Last February, when Tide's Super Bowl campaign—which gently ribbed Big Game ad cliches—pretty much stole the ad spotlight, few knew just how close Procter & Gamble had been to a major fail.
For weeks prior to the game, social media had been going wild with memes of kids eating toxic Tide Pods, and the "Tide Pods Challenge," as it was dubbed, not only threatened to hurt the brand, but threw its planned "It's a Tide Ad" campaign—which featured the pods—into disarray.
"That was not a good place for us to be," said Kimberly Doebereiner, director of brand building integrated communications for P&G brands in a presentation this week at the Cincinnati chapter of the American Advertising Federation, talking about the last-minute changes the brand and its agency, Saatchi & Saatchi, scrambled to make. "We were actively trying to figure out what to do without calling more attention to it. [The memes were] shocking and actually highly upsetting to watch."
P&G, while resisting the urge to rail against the social-media meme for fear of fanning the flames, in January released a video from New England Patriots Tight End Rob Gronkowski telling people not to put Pods in their mouths.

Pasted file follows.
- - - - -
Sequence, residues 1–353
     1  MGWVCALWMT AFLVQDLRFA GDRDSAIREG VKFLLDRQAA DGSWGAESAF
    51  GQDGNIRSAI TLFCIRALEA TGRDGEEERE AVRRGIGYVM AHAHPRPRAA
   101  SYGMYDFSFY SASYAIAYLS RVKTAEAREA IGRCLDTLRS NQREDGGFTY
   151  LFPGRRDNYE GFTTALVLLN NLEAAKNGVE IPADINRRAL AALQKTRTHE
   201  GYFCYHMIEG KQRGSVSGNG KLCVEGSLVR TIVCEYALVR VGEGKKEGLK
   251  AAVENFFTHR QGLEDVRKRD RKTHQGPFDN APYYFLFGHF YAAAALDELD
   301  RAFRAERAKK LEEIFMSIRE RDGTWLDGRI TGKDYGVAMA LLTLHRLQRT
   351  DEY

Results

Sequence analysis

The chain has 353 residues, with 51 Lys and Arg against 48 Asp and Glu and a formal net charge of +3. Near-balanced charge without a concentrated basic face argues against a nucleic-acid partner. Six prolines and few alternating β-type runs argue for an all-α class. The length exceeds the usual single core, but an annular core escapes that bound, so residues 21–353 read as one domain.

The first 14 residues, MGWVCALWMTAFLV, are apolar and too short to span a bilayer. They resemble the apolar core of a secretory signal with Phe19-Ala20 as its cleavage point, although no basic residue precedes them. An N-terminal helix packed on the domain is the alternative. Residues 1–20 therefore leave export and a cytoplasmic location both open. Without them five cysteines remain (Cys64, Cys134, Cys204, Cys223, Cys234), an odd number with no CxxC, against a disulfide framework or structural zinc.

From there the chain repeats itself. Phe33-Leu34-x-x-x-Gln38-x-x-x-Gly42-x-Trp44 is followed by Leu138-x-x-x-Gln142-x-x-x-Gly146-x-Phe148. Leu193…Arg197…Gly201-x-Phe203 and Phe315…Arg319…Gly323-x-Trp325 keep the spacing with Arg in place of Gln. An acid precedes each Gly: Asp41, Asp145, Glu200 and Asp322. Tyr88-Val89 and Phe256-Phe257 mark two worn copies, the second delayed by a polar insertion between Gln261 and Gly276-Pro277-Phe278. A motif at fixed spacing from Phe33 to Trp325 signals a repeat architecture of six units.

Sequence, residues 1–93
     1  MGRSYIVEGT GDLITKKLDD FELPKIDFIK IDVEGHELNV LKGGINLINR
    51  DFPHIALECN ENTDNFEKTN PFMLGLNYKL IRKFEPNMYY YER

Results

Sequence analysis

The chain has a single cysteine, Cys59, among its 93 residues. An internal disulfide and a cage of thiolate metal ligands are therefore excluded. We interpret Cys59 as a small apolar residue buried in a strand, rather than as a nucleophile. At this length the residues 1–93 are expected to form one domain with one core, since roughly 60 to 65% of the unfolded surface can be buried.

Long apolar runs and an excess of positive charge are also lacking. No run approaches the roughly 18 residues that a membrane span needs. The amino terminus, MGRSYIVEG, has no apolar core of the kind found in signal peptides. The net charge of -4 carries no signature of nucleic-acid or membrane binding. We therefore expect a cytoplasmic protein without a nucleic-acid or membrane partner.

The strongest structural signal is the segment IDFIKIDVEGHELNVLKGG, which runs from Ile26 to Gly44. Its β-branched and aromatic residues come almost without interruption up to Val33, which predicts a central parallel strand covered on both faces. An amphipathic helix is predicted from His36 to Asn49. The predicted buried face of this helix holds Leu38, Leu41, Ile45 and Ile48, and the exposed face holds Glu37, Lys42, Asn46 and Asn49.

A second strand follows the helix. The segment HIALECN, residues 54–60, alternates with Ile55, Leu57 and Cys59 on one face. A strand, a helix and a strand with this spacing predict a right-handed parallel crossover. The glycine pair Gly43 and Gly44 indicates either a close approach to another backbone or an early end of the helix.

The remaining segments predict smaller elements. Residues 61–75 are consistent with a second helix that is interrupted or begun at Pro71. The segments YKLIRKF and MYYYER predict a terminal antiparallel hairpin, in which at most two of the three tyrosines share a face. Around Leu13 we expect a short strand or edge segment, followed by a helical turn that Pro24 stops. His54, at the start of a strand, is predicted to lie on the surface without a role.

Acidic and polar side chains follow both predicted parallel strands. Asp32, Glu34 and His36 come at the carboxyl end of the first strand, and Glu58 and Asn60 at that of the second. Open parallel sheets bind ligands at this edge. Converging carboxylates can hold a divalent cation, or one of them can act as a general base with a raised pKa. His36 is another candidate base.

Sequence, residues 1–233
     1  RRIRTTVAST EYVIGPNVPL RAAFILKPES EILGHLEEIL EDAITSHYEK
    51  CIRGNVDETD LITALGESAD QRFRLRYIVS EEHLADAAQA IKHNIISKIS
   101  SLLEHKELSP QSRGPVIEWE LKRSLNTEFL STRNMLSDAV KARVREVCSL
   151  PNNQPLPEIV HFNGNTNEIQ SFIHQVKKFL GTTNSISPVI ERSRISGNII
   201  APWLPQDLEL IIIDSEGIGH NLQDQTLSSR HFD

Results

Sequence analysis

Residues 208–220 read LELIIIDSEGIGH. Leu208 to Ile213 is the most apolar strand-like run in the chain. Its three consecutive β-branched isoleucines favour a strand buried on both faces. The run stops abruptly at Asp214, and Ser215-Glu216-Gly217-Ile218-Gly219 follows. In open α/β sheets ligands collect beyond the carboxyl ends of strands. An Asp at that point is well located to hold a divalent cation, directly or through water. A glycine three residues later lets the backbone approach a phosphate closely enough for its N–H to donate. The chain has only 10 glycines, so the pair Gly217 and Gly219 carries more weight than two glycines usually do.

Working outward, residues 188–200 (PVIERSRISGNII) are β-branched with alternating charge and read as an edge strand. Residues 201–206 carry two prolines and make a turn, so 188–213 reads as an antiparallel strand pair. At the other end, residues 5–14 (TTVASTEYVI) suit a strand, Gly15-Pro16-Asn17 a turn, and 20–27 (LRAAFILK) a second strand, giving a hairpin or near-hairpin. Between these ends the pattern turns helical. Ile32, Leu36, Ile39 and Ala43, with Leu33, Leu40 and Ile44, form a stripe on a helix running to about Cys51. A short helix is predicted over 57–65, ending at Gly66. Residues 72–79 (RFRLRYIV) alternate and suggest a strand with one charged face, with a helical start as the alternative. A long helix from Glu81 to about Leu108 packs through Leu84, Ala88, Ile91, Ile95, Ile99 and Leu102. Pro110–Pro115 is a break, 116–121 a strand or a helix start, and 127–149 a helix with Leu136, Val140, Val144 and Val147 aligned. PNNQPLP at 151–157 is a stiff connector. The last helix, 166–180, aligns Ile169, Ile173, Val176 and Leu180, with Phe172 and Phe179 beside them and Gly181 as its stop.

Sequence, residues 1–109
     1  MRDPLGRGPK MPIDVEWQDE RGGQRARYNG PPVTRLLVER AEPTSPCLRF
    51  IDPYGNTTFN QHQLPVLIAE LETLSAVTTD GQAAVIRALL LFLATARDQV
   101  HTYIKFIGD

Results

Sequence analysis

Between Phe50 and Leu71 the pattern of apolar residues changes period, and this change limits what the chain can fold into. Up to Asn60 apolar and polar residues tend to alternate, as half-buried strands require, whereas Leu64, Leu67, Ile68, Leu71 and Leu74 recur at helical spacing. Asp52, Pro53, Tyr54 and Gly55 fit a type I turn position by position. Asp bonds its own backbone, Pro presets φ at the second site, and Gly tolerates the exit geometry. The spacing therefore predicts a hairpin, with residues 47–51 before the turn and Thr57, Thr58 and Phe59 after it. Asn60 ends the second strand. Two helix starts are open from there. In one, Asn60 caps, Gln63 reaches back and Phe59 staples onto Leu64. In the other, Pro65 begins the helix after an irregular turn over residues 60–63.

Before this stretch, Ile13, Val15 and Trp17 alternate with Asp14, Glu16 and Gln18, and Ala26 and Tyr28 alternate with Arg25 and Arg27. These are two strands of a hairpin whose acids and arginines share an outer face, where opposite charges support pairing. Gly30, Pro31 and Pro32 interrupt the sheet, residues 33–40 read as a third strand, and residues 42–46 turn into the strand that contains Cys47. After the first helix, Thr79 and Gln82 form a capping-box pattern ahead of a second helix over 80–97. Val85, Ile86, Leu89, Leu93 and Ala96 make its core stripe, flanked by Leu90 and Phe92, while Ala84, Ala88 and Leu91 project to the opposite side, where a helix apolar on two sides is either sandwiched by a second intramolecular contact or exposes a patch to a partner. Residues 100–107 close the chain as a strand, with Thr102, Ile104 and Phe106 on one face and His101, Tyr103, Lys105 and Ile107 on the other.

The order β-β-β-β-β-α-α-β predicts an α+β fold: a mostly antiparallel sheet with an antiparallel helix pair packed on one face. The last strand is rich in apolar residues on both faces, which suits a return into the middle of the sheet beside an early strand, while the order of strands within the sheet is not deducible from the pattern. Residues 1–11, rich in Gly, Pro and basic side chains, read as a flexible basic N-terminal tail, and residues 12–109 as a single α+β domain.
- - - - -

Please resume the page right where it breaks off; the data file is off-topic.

But the problem for P&G went beyond the memes themselves: The Super Bowl ads in the can—the ultimate versions of which won the campaign a Film Grand Prix at Cannes—had every single product vignette (think: beer, soda, diamonds and P&G's own Old Spice and Mr. Clean) "filmed with a Pod," says Doebereiner. "We had to change it the night before we shipped it."
The fix: Packages of Tide liquid replaced all Pods or packages of Pods in the campaign.
Incredibly, says Doebereiner, the final Super Bowl effort did the brand a big favor: It changed the public and social-media conversation away from the Tide Pods Challenge, and handily accomplished what the original brief set out to do: "'Make Tide the most-loved brand in the Super Bowl,'" she said.
She also noted that as unusual as P&G's Super Bowl buy on NBC was—it included four spots plus integration into the intro of another commercial pod—it would have been even more elaborate had the company had its way.
"One of the biggest debates we had with the Super Bowl last year with Tide was that we wanted to add more ads, 2-second ads, and they were like, 'No, we're not adding more ads,'" said Doebereiner, who's also the internal lead on the new North American Fabric Care agency that includes people from Publicis Groupe, WPP and Omnicom Group.
Network efforts to decrease commercial loads were to blame, she said, and the same efforts are affecting what P&G is trying to do next year as well. "I was meeting with the NFL and Fox the other day, and they said, 'We're not adding another ad,'" she said.
But Doebereiner doesn't blame the networks. Despite efforts to reduce commercial loads in programs, she said, "If you watch regular TV, ad loads seem high."